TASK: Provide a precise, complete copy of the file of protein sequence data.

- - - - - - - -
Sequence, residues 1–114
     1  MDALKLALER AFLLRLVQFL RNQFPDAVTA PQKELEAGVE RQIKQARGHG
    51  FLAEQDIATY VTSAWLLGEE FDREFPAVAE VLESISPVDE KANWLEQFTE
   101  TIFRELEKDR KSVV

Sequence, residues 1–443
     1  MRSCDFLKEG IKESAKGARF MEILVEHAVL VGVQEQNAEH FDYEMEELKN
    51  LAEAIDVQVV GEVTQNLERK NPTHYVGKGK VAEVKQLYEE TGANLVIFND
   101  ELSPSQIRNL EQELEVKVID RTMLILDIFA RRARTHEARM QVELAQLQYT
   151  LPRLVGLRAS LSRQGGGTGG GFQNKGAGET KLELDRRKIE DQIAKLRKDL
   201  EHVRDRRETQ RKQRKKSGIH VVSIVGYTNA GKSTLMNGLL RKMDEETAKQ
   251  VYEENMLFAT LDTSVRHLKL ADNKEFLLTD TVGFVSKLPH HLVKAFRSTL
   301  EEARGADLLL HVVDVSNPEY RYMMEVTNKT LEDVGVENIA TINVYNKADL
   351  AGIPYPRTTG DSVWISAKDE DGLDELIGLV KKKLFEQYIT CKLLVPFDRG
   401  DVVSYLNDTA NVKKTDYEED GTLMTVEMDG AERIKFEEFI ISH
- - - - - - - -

Sequence, residues 1–114
     1  MDALKLALER AFLLRLVQFL RNQFPDAVTA PQKELEAGVE RQIKQARGHG
    51  FLAEQDIATY VTSAWLLGEE FDREFPAVAE VLESISPVDE KANWLEQFTE
   101  TIFRELEKDR KSVV

Sequence, residues 1–443
     1  MRSCDFLKEG IKESAKGARF MEILVEHAVL VGVQEQNAEH FDYEMEELKN
    51  LAEAIDVQVV GEVTQNLERK NPTHYVGKGK VAEVKQLYEE TGANLVIFND
   101  ELSPSQIRNL EQELEVKVID RTMLILDIFA RRARTHEARM QVELAQLQYT
   151  LPRLVGLRAS LSRQGGGTGG GFQNKGAGET KLELDRRKIE DQIAKLRKDL
   201  EHVRDRRETQ RKQRKKSGIH VVSIVGYTNA GKSTLMNGLL RKMDEETAKQ
   251  VYEENMLFAT LDTSVRHLKL ADNKEFLLTD TVGFVSKLPH HLVKAFRSTL
   301  EEARGADLLL HVVDVSNPEY RYMMEVTNKT LEDVGVENIA TINVYNKADL
   351  AGIPYPRTTG DSVWISAKDE DGLDELIGLV KKKLFEQYIT CKLLVPFDRG
   401  DVVSYLNDTA NVKKTDYEED GTLMTVEMDG AERIKFEEFI ISH